Nature: Week 1
The Soul of All Things
Friday, November 11, 2016
Apprehend God in all things, for God is in all things.
Every single creature is full of God and is a book about God.
Every creature is a word of God.
If I spent enough time with the tiniest creature—even a caterpillar—
I would never have to prepare a sermon.
So full of God is every creature.
—Meister Eckhart 
Creation itself is the first and primary face of God. The world itself is the universal religion that precedes all organized religions. Do you really think that God would not have made God’s Self available to the Stone Age people and all historical peoples who were created in “the image and likeness of God,” just like all of us? We monotheists should have been the first to recognize this because we believe in “one God who created all things!”
Or was God just waiting for the Catholics and Evangelicals to come along? Unfortunately, when we Catholics came, we loved to build fancy churches, without any encouragement from Jesus, I might add; and we went quickly inside them, disconnecting our minds and hearts from the natural world, probably because the natural world seemed wild and dangerous to us. Our very word profane comes from pro, meaning “in front of,” and fanum, meaning “temple.” We thought we lived “outside the temple.” Without a nature-based spirituality, it was a profane universe, bereft of Spirit, so we had to keep building shrines and churches to capture and hold our now domesticated and tamed God. Soon we did not know where to look for the divine. We became like fish in a huge ocean looking for water, and often arguing about who owned the water!
Again, note that I’m not saying God is all things (pantheism), but that each living thing reveals some aspect of God’s presence; God is both greater than the whole of our universe, and as Creator interpenetrates all created things (panentheism). No exceptions. The Judeo-Christian conviction about this was so total, that the ancient myths even had Lucifer created by God (Isaiah 14:12-15) and Satan in the divine council (Job 1:6-12).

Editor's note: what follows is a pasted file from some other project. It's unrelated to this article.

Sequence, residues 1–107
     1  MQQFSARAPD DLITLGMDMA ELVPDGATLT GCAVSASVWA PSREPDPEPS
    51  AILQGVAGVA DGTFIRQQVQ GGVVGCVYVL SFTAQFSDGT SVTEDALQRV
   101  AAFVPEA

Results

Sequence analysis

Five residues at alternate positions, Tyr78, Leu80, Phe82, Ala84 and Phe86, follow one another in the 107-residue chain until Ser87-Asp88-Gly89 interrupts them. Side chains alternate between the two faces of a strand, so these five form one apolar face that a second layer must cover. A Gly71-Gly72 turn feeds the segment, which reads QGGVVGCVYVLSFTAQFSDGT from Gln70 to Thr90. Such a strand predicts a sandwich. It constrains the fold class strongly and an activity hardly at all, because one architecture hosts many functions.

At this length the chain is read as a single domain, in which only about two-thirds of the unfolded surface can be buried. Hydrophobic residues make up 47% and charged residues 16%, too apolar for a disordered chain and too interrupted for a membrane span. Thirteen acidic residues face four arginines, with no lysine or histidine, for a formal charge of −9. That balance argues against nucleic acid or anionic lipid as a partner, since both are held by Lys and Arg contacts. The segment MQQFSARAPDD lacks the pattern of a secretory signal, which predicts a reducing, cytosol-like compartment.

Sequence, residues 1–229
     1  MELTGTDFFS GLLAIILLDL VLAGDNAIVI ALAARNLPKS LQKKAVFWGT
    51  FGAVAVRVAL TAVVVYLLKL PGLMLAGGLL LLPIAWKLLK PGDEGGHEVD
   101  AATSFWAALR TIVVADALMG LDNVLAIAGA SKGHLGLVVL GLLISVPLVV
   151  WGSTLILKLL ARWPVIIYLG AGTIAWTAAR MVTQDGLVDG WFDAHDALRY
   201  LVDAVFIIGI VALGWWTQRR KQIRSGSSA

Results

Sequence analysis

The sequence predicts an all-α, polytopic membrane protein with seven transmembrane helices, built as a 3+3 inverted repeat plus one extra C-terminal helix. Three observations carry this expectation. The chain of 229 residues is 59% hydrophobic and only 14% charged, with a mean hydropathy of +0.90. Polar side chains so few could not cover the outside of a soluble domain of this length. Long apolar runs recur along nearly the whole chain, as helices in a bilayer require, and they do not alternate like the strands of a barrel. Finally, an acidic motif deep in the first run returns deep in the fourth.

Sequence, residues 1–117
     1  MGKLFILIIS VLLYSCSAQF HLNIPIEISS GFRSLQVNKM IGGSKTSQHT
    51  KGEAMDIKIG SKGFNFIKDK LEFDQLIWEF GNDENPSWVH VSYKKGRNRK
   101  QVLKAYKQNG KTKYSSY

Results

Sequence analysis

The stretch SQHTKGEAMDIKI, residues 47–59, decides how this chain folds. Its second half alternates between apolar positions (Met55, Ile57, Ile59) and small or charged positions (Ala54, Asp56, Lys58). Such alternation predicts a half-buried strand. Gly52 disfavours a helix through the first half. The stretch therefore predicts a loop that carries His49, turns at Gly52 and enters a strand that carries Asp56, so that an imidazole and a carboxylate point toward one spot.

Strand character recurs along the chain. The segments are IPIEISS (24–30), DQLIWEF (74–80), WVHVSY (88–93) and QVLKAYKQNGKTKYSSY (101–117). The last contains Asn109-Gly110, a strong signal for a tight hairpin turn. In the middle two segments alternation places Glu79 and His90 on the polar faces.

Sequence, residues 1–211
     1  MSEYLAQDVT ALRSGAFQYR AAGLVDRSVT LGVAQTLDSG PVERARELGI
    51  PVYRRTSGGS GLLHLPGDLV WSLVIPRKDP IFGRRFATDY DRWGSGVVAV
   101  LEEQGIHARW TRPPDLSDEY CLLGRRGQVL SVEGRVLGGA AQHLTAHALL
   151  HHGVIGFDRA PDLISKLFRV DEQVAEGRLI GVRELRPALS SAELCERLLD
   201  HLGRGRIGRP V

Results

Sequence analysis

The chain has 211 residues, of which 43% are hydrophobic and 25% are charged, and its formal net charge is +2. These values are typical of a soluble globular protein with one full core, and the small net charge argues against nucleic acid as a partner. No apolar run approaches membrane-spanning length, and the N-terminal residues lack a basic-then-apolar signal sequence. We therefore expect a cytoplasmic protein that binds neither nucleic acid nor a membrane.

St. Francis is the earliest recorded Christian to grant animals and objects subjectivity, mutuality, even naming them as sister and brother. He could talk and listen to them. Few Christians are trained to see all created things in this way, subject to subject. Yet it is the heart of all contemplative seeing. We were told animals didn’t have souls. I fully disagree.
Love is at the core of all beings. When you know this, as Thomas Berry says, the world becomes “a communion of subjects more than a collection of objects,”  to state it quite perfectly and profoundly.
When you love something, you grant it soul, you see its soul, and you let its soul touch yours. You have to love something deeply to know its soul. Before the resonance of love, you are largely blind to a thing’s meaning, value, and its power to literally save you. In fact, until you can appreciate and even delight in the ecstatic wag of a dog’s tail and other such ubiquitous signals, I doubt if you have discovered your own soul.
Gateway to Silence:
Brother Sun, Sister Moon, help me see God in all things.
 Earth Prayers: 365 Prayers, Poems, and Invocations from Around the World, eds. Elizabeth Roberts and Elias Amidon (HarperOne: 1991), 251.
 Thomas Berry, The Sacred Universe (New York: Columbia University Press), 86.